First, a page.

Your Name and Age:
Janis Curry, 35
Tell us about your family:
I’m a mum of two very boisterous little ones: Madeleine has just turned 3, is outgoing and loves to chatter away to anyone who will listen. Elliot is 19 months old and enjoys climbing or eating anything that can be climbed or eaten. My husband Geoff holds it all together, is always home in time for bath time, and is forever tidying up after the three of us.
What did you do before coming up with your business idea and how was it making the transition?
I studied Chemistry, Biochemistry and Bioinformatics, and spent the first part of my career in the lab doing basic research. Frustrated by the short term contracts and low salaries I gradually moved into roles combining scientific research with administration and management, and very quickly discovered that I was much better at managing researchers than actually doing the research myself! My last job was as Divisional Manager of Surgery at UCL, managing a substantial budget and resources affecting 400 surgeons, researchers and students. I was made redundant in July 2009 as a result of widespread budget cuts in the public sector.
Going from a very high profile and demanding job with a massive employer to working in the spare room on my own was a difficult transition in some ways, but felt quite natural in others. Because of my seniority, my job at the university was quite a solitary one, and because I worked with so many different hospitals, I wasn’t really tied to one particular office.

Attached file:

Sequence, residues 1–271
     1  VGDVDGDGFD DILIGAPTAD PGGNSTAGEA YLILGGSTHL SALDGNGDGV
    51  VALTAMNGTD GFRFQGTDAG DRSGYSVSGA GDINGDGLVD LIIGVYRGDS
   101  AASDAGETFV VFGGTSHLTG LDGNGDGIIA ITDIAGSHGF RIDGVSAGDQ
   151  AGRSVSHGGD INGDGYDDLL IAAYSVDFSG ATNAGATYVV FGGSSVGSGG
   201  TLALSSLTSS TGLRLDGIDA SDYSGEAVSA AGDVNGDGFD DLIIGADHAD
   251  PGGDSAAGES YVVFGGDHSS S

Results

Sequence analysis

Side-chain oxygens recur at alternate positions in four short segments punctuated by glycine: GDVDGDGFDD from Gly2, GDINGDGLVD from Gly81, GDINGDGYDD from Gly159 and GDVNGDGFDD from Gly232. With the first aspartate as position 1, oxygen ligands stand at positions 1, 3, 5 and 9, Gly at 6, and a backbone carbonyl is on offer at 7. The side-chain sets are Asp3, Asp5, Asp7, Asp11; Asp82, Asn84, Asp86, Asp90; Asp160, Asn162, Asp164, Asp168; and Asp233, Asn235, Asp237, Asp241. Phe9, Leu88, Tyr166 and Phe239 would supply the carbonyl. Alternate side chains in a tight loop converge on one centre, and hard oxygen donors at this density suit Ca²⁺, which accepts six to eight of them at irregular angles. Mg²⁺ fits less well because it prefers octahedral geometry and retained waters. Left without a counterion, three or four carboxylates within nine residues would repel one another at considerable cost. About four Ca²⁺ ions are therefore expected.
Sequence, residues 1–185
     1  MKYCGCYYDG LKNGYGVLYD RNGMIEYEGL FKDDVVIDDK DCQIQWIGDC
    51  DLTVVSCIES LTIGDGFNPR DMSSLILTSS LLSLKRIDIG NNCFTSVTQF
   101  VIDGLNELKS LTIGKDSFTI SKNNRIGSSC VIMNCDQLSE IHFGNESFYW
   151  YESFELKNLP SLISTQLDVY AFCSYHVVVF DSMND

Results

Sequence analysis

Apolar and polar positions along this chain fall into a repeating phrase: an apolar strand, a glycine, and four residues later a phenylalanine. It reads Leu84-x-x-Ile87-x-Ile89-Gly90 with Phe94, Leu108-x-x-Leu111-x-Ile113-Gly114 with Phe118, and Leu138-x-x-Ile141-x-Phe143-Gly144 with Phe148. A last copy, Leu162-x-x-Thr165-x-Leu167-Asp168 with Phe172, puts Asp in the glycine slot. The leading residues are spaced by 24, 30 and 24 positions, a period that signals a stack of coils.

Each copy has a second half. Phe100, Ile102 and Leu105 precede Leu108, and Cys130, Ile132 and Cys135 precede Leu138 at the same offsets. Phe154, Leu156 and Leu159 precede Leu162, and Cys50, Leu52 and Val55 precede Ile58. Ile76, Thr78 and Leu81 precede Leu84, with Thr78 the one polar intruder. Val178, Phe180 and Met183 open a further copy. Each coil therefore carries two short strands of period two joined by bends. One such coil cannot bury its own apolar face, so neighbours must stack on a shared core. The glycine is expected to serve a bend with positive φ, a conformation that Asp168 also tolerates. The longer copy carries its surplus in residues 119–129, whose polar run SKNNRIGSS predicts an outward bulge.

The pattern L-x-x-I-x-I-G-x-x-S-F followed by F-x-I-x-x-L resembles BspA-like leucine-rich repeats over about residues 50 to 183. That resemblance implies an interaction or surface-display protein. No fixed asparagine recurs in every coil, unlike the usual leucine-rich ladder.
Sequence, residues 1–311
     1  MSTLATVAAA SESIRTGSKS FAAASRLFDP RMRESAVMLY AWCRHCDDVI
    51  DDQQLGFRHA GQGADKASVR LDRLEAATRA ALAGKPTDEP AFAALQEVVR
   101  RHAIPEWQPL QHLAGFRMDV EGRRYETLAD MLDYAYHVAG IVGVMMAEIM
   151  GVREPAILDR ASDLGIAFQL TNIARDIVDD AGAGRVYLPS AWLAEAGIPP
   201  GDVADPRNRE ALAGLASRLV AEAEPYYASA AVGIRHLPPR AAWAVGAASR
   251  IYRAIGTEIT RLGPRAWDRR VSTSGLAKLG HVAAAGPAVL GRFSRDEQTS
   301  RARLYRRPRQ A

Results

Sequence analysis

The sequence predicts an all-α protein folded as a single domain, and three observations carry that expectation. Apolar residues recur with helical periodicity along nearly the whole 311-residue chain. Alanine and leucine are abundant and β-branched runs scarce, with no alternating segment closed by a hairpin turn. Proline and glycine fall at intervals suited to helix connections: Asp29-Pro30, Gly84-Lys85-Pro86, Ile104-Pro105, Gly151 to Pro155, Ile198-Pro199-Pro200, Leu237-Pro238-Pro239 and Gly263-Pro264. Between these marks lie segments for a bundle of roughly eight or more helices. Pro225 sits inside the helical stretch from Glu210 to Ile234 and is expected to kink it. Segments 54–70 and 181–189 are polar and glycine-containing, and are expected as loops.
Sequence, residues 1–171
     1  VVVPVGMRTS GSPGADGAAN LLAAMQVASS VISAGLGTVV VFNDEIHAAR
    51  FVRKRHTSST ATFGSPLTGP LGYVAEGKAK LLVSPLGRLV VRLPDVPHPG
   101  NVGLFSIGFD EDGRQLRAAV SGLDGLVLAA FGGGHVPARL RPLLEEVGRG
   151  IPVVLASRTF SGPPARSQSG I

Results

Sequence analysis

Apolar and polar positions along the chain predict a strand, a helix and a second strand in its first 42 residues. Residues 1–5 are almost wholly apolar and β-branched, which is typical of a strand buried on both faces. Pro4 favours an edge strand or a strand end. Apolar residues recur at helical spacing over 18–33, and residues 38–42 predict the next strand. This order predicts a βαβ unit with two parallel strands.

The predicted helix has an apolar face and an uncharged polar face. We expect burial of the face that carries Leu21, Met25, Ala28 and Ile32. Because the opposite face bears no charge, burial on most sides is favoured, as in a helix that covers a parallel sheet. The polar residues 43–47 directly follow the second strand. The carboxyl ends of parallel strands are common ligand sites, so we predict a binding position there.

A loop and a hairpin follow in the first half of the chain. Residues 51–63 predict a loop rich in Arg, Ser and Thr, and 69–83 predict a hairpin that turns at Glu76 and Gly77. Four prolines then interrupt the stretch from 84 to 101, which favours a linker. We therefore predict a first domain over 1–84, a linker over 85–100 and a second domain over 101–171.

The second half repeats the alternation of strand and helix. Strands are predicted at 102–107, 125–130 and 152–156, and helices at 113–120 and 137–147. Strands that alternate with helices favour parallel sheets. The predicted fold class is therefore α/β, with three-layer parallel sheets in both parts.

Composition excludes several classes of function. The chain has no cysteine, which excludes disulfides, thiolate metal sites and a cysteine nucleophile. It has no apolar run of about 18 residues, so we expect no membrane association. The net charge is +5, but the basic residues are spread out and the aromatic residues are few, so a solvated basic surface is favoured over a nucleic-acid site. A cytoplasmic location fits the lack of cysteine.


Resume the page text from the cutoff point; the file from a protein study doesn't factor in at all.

In terms of budgeting, there is nothing leaner than a university budget during a recession, and we were always required to trim costs every year; as a result I know the importance of counting every penny, ensuring value for money, and of constantly looking for ways in which to improve efficiency. These are essential skills in running a business. I found I had a lot of other “transferable skills” which have served me very well.
The big shock was in how much I had to learn; I had gradually developed my research, analytical and managerial skills experience over 15 years, and I had become the person that everyone else came to for advice, guidance or training. Suddenly with a new business, in a new sector, I realised I knew next to nothing. While varied, my job was mainly strategic and was confined to a segment of society (scientists, doctors and surgeons), and never involved any sales or marketing, or interaction with an online community. With my web business I made a lot of mistakes at first simply because I didn’t understand my audience (my customers) or my suppliers (advertisers). I also realised that in order to get the word out about the business or to make any money from it, I would need to learn basic sales and marketing. The learning curve has been incredibly steep – scary, but I love it!!